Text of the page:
A typical pressure-fed liquid propellant Rocket engine system is schematically shown in Fig
The liquid bipropellant consists of a liquid oxidizer (e.g., liquid oxygen) and a liquid fuel (e.g., kerosene). A monopropellant is a single liquid that contains both oxidizing and fuel species; it decomposes into hot gas when properly catalyzed.
A large turbopump-fed liquid propellant rocket engine is shown in this Fig
Gas pressure feed systems are used mostly on low thrust, low total energy propulsion systems, such as those used for attitude control of flying vehicles, often with more than one thrust chamber per engine. Pump-fed liquid rocket systems are used typically in applications with larger amounts of propellants and higher thrusts, such as in space launch vehicles.
In the thrust chamber the propellants react to form hot gases, which in turn are accelerated and ejected at a high velocity through a supersonic nozzle, thereby imparting momentum to the vehicle. A nozzle has a converging section, a constriction or throat, and a conical or bell-shaped diverging section Gas pressure feed systems are used mostly on low thrust, low total energy propulsion systems, such as those used for attitude control of flying vehicles, often with more than one thrust chamber per engine. Pump-fed liquid rocket systems are used typically in applications with larger amounts of propellants and higher thrusts, such as in space launch vehicles.
Some liquid rocket engines permit repetitive operation and can be started and shut off at will. If the thrust chamber is provided with adequate cooling capacity, it is possible to run liquid rockets for periods exceeding 1 hour, dependent only on the propellant supply. A liquid rocket propulsion system requires several precision valves and a complex feed mechanism which includes propellant pumps, turbines, or a propellant-pressurizing device, and a relatively intricate combustion or thrust chamber.
In solid propellant rocket motors the propellant to be burned is contained within the combustion chamber or case. The solid propellant charge is called the grain and it contains all the chemical elements for complete burning. Once ignited, it usually burns smoothly at a predetermined rate on all the exposed internal surfaces of the grain. Initial burning takes place at the internal surfaces of the cylinder perforation and the four slots. The internal cavity grows as propellant is burned and consumed. The resulting hot gas flows through the supersonic nozzle to impart thrust. Once ignited, the motor combustion proceeds in an orderly manner until essentially all the propellant has been consumed. There are no feed systems or valves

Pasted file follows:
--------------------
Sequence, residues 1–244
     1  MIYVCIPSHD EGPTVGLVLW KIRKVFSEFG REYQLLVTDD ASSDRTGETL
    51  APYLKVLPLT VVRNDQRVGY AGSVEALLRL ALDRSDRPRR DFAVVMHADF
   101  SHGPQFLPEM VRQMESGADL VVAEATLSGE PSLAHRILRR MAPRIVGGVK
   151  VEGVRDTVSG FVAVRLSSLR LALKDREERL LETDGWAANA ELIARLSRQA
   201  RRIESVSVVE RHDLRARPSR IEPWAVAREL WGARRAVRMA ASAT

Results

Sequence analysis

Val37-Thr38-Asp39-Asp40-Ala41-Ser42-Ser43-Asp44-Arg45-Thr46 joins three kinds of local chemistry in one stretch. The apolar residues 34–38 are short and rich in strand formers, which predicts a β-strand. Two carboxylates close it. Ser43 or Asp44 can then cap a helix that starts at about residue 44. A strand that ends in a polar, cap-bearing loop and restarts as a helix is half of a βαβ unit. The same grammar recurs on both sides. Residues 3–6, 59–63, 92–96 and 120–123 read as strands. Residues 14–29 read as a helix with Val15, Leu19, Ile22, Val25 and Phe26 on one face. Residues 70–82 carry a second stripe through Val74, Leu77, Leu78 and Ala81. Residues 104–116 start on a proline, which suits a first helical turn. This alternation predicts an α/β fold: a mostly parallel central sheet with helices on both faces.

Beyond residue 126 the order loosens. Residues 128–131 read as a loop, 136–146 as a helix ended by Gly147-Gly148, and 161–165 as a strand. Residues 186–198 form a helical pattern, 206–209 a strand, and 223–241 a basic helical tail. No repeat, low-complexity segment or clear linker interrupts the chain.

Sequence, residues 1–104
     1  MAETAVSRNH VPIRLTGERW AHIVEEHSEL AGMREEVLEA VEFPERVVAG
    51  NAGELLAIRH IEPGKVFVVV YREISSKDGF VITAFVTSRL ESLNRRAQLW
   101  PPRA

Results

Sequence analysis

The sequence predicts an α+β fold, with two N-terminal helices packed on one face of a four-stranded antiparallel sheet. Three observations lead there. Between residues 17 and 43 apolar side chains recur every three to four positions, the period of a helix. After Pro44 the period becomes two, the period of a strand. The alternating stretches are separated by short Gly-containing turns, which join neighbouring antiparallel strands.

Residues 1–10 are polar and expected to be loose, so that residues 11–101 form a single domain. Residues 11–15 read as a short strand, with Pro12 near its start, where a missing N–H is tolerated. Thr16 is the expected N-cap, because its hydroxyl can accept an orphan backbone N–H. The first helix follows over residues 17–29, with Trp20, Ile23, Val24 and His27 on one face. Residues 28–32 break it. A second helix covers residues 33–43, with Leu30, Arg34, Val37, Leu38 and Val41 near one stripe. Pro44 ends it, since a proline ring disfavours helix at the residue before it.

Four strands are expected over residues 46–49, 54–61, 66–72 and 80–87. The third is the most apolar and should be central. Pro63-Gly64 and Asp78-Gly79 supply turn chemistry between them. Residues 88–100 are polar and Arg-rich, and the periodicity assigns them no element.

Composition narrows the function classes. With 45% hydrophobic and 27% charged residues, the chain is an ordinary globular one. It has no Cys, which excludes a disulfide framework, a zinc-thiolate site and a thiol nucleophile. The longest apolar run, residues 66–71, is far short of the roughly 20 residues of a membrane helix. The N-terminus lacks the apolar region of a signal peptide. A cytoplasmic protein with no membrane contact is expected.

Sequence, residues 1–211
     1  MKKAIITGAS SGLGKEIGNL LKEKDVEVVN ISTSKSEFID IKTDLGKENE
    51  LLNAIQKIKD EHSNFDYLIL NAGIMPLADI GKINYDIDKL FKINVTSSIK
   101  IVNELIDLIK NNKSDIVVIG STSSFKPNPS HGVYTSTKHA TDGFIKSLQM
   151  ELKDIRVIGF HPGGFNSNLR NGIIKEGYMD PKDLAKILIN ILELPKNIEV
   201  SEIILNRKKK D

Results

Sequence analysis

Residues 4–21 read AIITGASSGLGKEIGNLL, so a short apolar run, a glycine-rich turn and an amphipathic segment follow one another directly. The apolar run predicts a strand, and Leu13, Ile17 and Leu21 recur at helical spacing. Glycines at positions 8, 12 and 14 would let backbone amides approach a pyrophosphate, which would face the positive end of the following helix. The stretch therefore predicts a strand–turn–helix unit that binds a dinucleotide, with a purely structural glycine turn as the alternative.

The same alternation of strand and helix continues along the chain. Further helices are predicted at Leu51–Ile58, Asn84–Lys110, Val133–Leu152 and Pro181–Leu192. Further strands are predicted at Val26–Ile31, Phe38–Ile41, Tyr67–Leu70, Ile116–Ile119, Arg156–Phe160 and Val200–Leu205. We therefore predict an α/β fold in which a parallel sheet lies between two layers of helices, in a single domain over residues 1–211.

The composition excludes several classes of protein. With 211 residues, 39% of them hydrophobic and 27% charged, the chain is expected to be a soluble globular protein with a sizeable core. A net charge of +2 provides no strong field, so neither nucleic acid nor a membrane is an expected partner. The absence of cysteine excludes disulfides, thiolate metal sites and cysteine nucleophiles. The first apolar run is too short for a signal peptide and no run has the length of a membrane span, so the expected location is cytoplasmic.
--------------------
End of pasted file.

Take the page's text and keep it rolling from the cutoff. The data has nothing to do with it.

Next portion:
Gaseous propellant rocket engines use a stored high-pressure gas, such as air, nitrogen, or helium, as their working fluid or propellant. The stored gas requires relatively heavy tanks. These cold gas engines have been used on many early space vehicles as attitude control systems and some are still used today. Heating the gas by electrical energy or by combustion of certain monopropellants improves the performance and this has often been called warm gas propellant rocket propulsion.
Hybrid propellant rocket propulsion systems use both a liquid and a solid propellant. For example, if a liquid oxidizing agent is injected into a combustion chamber filled with solid carbonaceous fuel grain, the chemical reaction produces hot combustion gases.
There are also chemical rocket propulsion combination systems that have both solid and liquid propellants. One example is a pressurized liquid propellant system that uses a solid propellant to generate hot gases for tank pressurization; flexible diaphragms are necessary to separate the hot gas and the reactive liquid propellant in the tank.